Britain Must Support Open-Access Publishing

19 June 2012

The country needs to recognize and embrace a fundamental shift in scholarly communication toward open access, according to a government-commissioned report.

[Source: Chronicle of Higher Education]


Open Textbook Catalog @ University of Minnesota

5 June 2012

In an effort to reduce costs for students, the College of Education and Human Development has created this catalog of open textbooks to be reviewed by faculty members.

via University of Minnesota.


Saying Costly Subscriptions ‘Cannot Be Sustained,’ Harvard Library Committee Urges Open Access – The Ticker – The Chronicle of Higher Education

24 April 2012

The rising cost of journal subscriptions has created an “untenable situation” for the Harvard Library, according to the library’s Faculty Advisory Council. In a frank open letter to the Harvard faculty, the council warns that the library faces a subscription crisis “exacerbated by efforts of certain publishers” to bundle journals into high-priced packages. The letter does not name those publishers but says that Harvard now pays almost $3.75-million a year for their journals. “Continuing these subscriptions on their current footing is financially untenable,” the council says. It urges faculty and students to “move prestige to open access,” and lays out several steps that researchers and librarians can take.

via Saying Costly Subscriptions ‘Cannot Be Sustained,’ Harvard Library Committee Urges Open Access – The Ticker – The Chronicle of Higher Education.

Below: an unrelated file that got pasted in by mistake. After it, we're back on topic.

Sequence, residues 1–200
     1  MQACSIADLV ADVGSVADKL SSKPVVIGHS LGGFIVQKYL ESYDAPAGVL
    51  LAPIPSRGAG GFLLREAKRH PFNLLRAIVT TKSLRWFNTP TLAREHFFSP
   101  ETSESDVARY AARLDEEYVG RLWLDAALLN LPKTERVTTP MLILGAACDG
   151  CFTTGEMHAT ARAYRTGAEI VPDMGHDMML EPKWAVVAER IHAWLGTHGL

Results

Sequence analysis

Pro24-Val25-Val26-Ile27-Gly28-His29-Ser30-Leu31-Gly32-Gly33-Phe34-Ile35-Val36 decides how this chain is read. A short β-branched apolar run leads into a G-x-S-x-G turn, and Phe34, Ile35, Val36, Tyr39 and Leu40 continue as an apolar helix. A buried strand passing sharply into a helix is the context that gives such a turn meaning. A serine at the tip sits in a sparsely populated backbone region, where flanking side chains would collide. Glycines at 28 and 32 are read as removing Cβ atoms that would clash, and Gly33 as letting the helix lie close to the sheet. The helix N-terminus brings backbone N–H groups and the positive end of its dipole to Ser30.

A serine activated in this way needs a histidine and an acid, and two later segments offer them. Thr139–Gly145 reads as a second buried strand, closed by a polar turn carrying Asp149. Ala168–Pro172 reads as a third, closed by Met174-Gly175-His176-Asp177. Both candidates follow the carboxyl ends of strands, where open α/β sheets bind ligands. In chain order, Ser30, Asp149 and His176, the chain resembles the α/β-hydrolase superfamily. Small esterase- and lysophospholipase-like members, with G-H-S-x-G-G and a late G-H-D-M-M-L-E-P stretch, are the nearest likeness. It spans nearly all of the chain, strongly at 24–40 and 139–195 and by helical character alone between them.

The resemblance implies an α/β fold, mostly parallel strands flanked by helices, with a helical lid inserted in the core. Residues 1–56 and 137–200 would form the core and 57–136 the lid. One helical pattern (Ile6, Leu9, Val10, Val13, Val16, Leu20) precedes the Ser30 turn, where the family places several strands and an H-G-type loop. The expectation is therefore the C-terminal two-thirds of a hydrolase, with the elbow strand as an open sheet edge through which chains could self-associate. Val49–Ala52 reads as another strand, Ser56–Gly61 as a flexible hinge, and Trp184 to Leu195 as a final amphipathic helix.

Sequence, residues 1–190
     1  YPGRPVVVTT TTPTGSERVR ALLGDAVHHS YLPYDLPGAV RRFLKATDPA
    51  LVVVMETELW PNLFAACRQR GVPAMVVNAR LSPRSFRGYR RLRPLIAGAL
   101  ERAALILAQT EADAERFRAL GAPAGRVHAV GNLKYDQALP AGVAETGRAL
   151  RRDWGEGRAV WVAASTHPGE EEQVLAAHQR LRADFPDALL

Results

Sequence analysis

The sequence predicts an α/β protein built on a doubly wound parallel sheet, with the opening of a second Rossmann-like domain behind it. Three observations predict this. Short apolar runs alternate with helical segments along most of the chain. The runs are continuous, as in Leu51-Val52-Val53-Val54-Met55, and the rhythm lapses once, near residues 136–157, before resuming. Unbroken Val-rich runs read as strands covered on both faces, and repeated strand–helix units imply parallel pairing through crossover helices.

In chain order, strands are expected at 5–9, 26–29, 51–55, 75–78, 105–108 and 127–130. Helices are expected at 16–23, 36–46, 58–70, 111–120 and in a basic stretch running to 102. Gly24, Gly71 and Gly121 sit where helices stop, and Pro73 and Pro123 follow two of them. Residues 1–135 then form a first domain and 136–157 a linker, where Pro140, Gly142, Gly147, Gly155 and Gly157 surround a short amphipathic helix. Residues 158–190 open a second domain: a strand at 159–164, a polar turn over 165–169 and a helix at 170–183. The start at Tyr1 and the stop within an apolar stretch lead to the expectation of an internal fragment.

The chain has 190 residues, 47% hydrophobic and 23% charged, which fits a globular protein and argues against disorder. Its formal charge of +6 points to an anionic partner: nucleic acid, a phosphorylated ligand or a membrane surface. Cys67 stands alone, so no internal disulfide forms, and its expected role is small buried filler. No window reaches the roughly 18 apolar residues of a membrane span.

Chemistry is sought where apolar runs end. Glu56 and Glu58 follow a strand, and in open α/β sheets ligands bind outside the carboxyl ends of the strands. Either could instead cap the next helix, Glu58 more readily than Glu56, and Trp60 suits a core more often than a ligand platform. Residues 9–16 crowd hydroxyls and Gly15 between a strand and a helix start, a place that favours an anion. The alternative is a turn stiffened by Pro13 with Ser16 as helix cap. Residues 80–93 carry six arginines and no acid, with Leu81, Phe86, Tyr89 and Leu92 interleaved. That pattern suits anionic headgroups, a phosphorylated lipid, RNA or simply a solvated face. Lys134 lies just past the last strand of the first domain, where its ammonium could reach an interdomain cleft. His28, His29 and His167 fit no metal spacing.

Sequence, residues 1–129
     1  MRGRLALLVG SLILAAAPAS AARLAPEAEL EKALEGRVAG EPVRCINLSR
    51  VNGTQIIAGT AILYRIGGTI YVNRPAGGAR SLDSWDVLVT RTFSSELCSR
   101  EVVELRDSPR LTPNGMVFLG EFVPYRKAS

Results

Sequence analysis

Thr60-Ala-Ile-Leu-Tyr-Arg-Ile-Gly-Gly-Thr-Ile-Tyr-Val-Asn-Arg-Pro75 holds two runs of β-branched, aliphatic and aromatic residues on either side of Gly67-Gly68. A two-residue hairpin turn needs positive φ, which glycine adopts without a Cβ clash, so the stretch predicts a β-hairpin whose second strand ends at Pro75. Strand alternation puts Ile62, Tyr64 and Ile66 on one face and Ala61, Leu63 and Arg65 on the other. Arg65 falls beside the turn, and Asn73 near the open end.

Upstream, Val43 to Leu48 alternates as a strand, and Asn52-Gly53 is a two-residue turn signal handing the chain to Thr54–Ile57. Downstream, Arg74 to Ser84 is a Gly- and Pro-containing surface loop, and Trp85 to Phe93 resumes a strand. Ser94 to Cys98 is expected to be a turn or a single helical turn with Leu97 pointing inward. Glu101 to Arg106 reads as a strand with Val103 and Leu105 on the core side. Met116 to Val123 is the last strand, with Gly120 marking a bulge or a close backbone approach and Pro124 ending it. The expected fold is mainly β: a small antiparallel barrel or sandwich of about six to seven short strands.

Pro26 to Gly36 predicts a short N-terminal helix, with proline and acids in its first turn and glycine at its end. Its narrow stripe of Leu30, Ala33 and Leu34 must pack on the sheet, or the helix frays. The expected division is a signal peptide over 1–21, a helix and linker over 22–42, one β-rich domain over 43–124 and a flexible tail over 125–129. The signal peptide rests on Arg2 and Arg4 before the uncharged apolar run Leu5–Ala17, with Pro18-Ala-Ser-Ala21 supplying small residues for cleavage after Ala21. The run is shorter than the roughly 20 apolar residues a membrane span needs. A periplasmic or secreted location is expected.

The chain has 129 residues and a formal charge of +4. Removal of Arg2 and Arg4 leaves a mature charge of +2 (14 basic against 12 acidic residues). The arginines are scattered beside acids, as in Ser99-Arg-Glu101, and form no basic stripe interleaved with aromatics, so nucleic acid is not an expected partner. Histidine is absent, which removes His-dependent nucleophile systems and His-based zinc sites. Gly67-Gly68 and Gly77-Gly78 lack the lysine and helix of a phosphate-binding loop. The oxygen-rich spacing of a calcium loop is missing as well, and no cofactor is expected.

How Do You Cite a Tweet in an Academic Paper?

5 March 2012

The Modern Language Association (MLA) likes to keep up with the times. Some information breaks first or only on Twitter and a good academic needs to be able to cite those sources. So, the MLA has devised a standard format for citing a tweet.

[Source: The Atlantic]


Princeton U. Adopts Open-Access Policy

30 September 2011

The mandate puts the university in line with a growing number of institutions that encourage researchers to make copies of their articles freely available online.

[Source: Chronicle of Higher Education]


About MediaCommons | MediaCommons

10 March 2011

MediaCommons, a project-in-development with support from the Institute for the Future of the Book (part of the Annenberg Center for Communication at USC) and the National Endowment for the Humanities, is a network in which scholars, students, and other interested members of the public can help to shift the focus of scholarship back to the circulation of discourse. This network is community-driven, responding flexibly to the needs and desires of its users. It will also be multi-nodal, providing access to a wide range of intellectual writing and media production, including forms such as blogs, wikis, and journals, as well as digitally networked scholarly monographs.

via About MediaCommons | MediaCommons.


University Presses Are Urged to Work Together to Survive

7 March 2011

A new report by the Association of American University Presses takes stock of what publishers are trying and what works in a climate where change is the only constant.

[Source: Chronicle of Higher Education]


Free ‘Video Book’ From MIT Press Challenges Limits of Scholarship

24 February 2011

Learning From YouTube, a free “video book,” is the first online-only book the press has published. It has helped developers build a new platform for authorship that they hope will be used for more such works.

Will similar publications, backed by established presses, count toward tenure?

[Source: Chronicle of Higher Education]


E-Books’ Varied Formats Make Citations a Mess for Scholars

9 February 2011

E-book readers use different page-numbering systems, forcing academics to find other ways to provide the citations that are crucial to scholarship.

[Source: Chronicle of Higher Education]


A ‘Facebook of Science’ Seeks to Reshape Peer Review

3 February 2011

Vitek Tracz hopes to reinvent the basics of scholarly communication, increasing openness, with a network of scientists evaluating each other’s work.

[Source: Chronicle of Higher Education]


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